UCC represented all of the classes of unsecured creditors, including Class 6, during the negotiations that led to the Plan. Although UCC initially approved of the Plan in May 2003, it later filed a conditional objection to the Plan's confirmation on September 22, 2003 based on (1) the greater potential distribution to creditors that would result if federal asbestos legislation was passed (namely, the FAIR Act), and (2) the possible applicability of the absolute priority rule, as codified in 11 U.S.C. § 1129(b), if the Plan was not accepted by all classes.
As indicated in its conditional objection, UCC's reservations about the Plan were prompted in part by the proposal of the FAIR Act, which was reported out of the Senate Judiciary Committee in July 2003.*fn2 If passed, the FAIR Act would remove asbestos-related personal injury claims from the courts and absolve asbestos defendants of liability in return for mandatory contributions to a federally supervised trust. (App. at 0017-18.) AWI's contribution to the FAIR Act trust was estimated to range from $520 to $805 million, far less than the $1.8 billion it would put in trust for the Class 7 asbestos claimants under the Plan. Thus, if the FAIR Act passed, approximately $1 billion could be freed up for distribution among AWI's other creditors, including the class of unsecured creditors.
In response to UCC's concerns about the FAIR Act, the Bankruptcy Court extended the final deadline for voting to October 31, 2003. (App. at 0018.) To accept the Plan, class members holding at least fifty percent of the number of claims and two-thirds of the amount of the claims would need to vote for the Plan. See 11 U.S.C. § 1126(c). Although 88.03% of Class 6 claim holders voted for the Plan, only 23.21% of the amount of the claims voted to accept the Plan. (App. at 1456.) As a result, Class 6 rejected the Plan. Classes 7 and 12 accepted the Plan, but Class 12's acceptance was rescinded under the Plan due to Class 6's rejection. (App. at 0020.)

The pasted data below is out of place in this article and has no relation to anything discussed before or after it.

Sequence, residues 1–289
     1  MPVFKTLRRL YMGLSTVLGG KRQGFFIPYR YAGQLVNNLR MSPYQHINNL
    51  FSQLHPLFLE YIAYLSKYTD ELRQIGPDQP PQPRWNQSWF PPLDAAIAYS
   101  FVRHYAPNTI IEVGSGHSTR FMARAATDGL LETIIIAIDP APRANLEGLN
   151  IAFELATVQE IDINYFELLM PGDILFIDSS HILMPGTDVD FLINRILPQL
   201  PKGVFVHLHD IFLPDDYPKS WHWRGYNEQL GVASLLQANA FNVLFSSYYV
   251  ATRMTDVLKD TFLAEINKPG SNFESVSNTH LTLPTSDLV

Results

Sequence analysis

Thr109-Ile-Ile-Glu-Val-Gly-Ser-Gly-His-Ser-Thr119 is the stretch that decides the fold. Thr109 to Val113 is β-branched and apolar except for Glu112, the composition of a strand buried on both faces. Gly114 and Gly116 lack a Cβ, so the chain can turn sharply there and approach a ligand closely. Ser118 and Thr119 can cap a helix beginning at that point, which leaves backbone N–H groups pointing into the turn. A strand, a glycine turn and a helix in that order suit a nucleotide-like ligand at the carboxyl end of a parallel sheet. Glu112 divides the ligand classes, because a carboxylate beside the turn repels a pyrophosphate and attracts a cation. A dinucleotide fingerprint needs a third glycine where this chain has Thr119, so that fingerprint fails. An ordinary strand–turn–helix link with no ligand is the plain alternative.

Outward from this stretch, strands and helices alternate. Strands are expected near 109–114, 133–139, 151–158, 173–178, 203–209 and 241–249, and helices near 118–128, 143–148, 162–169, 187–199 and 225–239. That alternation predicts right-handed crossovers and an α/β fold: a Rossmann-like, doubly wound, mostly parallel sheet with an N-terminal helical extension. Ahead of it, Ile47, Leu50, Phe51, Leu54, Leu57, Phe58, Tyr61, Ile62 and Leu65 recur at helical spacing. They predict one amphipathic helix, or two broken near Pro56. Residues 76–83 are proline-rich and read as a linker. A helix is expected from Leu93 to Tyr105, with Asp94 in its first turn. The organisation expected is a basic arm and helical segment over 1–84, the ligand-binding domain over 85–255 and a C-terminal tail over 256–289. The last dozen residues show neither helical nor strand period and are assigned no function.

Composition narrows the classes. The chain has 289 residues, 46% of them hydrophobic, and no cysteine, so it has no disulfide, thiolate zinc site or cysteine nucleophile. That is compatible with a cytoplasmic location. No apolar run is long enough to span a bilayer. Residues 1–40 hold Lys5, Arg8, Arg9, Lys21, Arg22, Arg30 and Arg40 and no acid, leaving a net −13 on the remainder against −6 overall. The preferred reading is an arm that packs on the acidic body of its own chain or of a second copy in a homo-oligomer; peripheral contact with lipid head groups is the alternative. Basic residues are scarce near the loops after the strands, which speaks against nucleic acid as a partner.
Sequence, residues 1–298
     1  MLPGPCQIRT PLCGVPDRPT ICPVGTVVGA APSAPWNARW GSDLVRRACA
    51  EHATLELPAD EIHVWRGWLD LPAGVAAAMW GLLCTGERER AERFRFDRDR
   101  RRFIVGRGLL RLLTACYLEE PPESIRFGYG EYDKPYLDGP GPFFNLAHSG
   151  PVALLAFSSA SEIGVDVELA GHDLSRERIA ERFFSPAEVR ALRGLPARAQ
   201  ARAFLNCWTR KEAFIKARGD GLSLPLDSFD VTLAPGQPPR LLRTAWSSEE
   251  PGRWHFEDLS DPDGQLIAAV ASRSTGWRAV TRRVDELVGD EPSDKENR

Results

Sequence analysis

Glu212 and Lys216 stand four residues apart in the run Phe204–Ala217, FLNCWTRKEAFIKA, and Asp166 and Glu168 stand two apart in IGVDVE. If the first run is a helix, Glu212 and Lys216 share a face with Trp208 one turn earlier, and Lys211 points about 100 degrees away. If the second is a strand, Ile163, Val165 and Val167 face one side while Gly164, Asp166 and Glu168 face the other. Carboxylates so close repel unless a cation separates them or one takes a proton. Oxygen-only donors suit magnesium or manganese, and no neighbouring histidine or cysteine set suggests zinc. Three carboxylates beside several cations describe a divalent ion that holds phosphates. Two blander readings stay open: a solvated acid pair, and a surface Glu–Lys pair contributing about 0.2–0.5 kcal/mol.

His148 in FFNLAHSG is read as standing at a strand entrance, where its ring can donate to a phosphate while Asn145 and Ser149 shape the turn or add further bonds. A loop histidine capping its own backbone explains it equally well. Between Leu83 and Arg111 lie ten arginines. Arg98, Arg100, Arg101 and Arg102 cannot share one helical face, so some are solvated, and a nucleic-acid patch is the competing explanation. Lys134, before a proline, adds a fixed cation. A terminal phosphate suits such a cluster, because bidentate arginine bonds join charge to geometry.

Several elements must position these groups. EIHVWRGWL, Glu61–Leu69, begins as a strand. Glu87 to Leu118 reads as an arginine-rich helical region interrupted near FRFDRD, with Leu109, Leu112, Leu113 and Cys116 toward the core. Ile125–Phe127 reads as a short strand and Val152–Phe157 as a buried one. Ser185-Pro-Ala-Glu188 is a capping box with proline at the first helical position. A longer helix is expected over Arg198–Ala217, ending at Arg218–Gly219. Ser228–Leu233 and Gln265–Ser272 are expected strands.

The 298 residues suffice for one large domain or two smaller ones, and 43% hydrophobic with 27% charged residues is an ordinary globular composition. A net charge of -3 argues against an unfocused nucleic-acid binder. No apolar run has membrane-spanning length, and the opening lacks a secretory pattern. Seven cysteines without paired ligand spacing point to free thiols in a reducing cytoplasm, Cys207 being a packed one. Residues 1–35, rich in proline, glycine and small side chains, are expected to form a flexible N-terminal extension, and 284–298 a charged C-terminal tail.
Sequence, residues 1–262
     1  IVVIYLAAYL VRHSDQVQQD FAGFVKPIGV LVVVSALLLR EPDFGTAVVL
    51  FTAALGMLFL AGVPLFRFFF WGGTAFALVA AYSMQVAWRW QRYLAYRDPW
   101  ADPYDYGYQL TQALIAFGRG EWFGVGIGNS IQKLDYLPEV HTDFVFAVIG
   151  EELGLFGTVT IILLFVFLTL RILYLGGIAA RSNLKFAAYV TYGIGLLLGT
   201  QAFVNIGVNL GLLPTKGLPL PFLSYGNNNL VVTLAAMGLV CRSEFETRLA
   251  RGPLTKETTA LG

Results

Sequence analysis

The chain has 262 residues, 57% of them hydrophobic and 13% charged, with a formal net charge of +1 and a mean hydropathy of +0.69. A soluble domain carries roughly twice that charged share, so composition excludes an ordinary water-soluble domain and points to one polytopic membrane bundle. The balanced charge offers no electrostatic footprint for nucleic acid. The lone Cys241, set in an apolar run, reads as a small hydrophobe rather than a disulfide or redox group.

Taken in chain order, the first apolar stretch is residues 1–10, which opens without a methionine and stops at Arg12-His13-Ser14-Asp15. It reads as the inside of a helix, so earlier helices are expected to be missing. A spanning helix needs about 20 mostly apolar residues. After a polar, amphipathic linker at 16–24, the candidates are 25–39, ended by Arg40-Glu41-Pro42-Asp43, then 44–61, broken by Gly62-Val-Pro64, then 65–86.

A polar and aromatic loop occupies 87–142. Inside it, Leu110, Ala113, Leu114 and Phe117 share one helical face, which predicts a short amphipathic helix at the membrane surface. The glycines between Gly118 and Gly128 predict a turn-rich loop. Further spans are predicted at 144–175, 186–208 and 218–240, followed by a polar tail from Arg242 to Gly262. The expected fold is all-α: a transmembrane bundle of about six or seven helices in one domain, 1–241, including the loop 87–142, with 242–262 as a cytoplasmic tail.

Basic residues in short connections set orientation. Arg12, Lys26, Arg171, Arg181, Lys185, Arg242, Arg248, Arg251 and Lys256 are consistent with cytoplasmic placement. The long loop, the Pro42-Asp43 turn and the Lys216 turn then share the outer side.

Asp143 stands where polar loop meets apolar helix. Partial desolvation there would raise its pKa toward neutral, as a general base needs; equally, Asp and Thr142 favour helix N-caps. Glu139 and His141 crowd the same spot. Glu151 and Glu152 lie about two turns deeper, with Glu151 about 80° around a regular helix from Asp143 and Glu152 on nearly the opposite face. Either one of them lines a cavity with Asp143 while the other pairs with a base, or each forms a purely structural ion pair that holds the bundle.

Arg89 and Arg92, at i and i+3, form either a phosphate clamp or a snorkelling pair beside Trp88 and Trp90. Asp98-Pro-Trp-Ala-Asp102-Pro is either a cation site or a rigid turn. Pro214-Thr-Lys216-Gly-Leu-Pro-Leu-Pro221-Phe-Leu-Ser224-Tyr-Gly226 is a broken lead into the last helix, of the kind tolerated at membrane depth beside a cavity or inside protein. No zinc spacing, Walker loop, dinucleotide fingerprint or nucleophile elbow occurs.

Following a hearing on November 17 and 18, 2003, the Bankruptcy Court recommended confirmation of the Plan to the District Court in its December 19, 2003 Proposed Findings and Conclusions. (App. at 1430.) The Bankruptcy Court found that the absolute priority rule, as codified in section 1129(b)(2) of the Bankruptcy Code, was satisfied because the warrants were distributed to the holder of equity interests because of the waiver by Class 7, citing In re Genesis Health Ventures, Inc., 266 B.R. 591 (D. Del. 2001), and In re SPM Mfg. Corp., 984 F.2d 1305 (1st Cir. 1993). In addition, the Bankruptcy Court found that UCC had waived its right to object to the Plan when it "entered into a consensual plan encompassing" the Plan provisions. (App. at 1502-03.) Because the Plan included a channeling injunction under section 524(g) of the Bankruptcy Code, the District Court was required to affirm the Bankruptcy Court's Proposed Findings and Conclusions before the Plan could go into effect. (App. at 1468.)
UCC filed objections to the Bankruptcy Court's Proposed Findings and Conclusions with the United States District Court for the District of Delaware. The District Court held a hearing on the objections on December 15, 2004 and issued a memorandum and order on February 23, 2005 denying confirmation of the Plan. The District Court found that (1) the issuance of warrants to the equity interest holders violated the absolute priority rule, and (2) no equitable exception to the absolute priority rule applied. In re Armstrong World Indus., Inc., 320 B.R. 523 (D. Del. 2005).
AWI now appeals the District Court's decision, and is joined by Appellees APIC and FCR, who jointly submitted a brief ...